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The third and fourth largest countries in the euro-zone may be next to receive downgrades. With the growing prospects of a Greek default and the turmoil in the markets, downgrades for Italy and Spain could happen soon and  exacerbate the current vicious cycle in the debt crisis.

Everything seemed fine after the Greek vote. And then Portugal received a  huge 4 notch downgrade by Moody’s. This sent the markets swirling. Portugal just received a bailout package two months ago. The reason for the move is likely to push other countries into the swirl.

Contagion I

Portugal was downgraded on the talks of private sector participation in Greek debt. This move didn’t seem voluntary to credit agencies, and they signaled that it would be a default. Such a default raises the risks for Portugal. S&P said selective default and Moody’s downgraded.

This pushed Italy’s fragile banking and political system into a mess. Italian bank stocks collapsed. Yields on Italian bonds soared. European officials got very angry at rating agencies.

Contagion II

An emergency / coordination meeting was summoned over the weekend, for Monday. The European finance ministers, together with senior European officials such as Jean-Claude Trichet and Jean-Claude Juncker, will discuss the Greek crisis and how a second bailout program will be made. Suddenly there’s not enough time until September.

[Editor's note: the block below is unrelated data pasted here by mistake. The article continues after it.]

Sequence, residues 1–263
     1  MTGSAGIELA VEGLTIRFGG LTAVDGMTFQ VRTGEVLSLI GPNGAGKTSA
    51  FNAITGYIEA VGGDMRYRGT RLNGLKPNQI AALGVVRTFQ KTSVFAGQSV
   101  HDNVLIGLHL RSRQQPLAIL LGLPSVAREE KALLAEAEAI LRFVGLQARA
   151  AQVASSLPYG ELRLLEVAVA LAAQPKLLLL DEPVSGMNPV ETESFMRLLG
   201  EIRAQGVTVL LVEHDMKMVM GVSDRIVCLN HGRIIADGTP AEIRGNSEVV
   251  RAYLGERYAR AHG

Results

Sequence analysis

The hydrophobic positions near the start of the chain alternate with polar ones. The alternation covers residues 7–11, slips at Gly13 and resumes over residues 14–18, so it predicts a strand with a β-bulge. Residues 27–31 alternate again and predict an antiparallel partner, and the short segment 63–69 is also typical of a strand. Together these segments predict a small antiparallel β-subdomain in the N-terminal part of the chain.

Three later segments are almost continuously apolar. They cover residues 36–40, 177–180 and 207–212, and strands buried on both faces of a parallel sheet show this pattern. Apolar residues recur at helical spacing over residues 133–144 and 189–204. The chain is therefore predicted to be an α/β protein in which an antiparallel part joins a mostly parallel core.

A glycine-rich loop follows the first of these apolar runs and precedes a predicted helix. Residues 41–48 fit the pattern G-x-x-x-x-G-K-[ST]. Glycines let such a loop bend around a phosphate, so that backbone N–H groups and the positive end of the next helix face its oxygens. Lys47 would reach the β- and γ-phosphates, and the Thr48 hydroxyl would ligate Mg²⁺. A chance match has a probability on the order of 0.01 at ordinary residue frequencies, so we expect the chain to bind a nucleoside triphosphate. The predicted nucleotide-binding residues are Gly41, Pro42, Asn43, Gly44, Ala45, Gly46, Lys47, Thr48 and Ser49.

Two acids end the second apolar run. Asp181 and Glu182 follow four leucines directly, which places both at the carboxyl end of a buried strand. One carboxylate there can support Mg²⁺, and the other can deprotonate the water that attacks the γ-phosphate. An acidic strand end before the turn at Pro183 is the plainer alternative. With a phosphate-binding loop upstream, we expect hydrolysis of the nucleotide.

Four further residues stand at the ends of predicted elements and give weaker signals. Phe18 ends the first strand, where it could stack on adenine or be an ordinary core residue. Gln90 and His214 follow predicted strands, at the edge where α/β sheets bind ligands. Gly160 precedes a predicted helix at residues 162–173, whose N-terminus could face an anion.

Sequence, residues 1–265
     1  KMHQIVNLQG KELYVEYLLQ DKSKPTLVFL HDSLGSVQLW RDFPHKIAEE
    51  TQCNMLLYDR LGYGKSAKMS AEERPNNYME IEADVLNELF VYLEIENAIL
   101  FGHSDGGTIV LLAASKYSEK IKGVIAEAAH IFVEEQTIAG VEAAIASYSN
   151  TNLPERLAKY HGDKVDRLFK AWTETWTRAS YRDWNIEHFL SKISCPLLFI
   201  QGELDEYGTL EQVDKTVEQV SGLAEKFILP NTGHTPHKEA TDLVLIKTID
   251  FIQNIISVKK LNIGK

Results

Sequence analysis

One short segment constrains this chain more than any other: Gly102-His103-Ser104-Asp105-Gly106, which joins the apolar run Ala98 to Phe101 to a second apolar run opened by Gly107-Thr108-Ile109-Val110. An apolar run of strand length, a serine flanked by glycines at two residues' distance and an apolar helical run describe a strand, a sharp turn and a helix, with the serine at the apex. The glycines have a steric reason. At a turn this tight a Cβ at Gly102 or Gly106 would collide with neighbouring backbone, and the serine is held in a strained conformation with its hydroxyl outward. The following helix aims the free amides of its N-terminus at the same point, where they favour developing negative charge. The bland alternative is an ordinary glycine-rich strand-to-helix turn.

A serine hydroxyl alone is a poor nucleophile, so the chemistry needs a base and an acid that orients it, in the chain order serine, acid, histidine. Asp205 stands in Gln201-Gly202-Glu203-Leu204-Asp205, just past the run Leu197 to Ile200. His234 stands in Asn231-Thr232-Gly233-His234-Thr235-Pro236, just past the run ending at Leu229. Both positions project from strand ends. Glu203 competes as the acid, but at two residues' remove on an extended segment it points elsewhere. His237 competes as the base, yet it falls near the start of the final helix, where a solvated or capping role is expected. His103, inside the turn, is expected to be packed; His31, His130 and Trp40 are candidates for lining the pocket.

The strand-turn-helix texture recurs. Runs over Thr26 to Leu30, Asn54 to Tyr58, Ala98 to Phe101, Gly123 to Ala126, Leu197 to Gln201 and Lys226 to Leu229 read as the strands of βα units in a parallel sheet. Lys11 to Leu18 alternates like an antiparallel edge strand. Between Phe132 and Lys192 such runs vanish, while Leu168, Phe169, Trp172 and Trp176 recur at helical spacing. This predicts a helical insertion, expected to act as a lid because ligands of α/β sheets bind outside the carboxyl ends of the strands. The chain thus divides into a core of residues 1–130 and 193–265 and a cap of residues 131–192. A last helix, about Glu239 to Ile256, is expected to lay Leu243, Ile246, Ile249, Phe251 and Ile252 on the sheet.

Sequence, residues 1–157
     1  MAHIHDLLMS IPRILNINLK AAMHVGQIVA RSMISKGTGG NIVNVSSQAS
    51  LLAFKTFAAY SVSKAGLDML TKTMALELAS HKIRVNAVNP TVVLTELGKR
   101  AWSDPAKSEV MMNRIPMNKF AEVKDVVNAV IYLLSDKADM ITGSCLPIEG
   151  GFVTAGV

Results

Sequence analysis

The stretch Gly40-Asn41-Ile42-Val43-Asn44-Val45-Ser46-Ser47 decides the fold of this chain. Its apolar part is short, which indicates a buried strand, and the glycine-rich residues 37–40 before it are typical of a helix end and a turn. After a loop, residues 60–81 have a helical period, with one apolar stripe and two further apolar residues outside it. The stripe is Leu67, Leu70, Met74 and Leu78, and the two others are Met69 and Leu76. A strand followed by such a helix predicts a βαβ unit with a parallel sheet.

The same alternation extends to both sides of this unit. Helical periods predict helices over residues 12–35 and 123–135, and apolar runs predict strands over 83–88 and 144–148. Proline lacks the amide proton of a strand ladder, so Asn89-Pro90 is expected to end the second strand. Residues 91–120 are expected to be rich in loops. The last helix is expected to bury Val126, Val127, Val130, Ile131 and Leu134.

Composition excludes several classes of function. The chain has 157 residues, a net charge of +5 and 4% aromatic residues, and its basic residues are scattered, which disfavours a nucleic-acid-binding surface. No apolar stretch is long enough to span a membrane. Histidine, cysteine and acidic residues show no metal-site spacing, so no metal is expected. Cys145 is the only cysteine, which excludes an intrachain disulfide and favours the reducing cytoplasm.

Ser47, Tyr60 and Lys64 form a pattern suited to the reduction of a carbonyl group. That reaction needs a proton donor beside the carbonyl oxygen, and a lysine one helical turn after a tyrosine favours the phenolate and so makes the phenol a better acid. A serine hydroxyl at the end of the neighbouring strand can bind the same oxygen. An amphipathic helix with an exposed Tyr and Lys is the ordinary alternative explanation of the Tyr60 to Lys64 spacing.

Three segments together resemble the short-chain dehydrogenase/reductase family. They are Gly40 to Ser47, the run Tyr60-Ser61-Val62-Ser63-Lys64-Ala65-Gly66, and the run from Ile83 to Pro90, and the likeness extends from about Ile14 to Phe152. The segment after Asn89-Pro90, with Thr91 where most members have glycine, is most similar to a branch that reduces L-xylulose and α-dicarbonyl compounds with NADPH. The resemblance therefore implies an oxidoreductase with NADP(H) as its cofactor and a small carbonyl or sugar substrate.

According to the Financial Times, European leaders begin accepting a default by Greece. This was first bubbled by the Dutch finance minister  Jan Kees de Jager who played down an option of a Greek default, in the wake of the rating agencies’ disapproval of the French plan.

Why go for a complicated plan if you get the same result with a simple restructuring?

Jean-Claude Trichet can shout again and again: no default, no selective default, no credit event. But even before this precedent happens in Greece, the rating agencies can act in their pro-cyclical manner and downgrade Italy and Spain.


Italy was recently warned. They have  â‚¬69 billion to pay roll over during August and September. Paying higher yields or losing access to the markets is becoming real.

The political mess doesn’t help. The finance minister, Giulio Tremonti, which is highly regarded by the markets, is now under scrutiny for serious allegations of corruption. Prime Minister Berloscuni isn’t exactly at the peak of his carrier either.

Italian 10 year bond yields closed the previous week at 5.27%, already close to Spain.


The limelight has shifted away from Spain recently, but the troubles remain. The regions have known and also hidden debt that is beginning to surface.

The central government is doing a good job at reducing the deficit. But elections are getting closer. They are planned for March, but could happen earlier. The expected leader of the ruling socialist party,  Alfredo Pérez Rubalcaba, already began his campaign. The current Prime Minister Zapatero won’t run once again, and is becoming a lame duck.

Spanish 10 year bond yields closed the previous week at 5.67%, touching the all time high.

Vicious Cycle

The bond vigilantes are raging and the rating agencies now follow. There are high chances of downgrades, and this will take its toll on the euro.

EUR/USD traded at a wide range in the past months, between hope and despair. The action will continue, with a tendency to the downside.

For more on the pair, see the euro dollar forecast.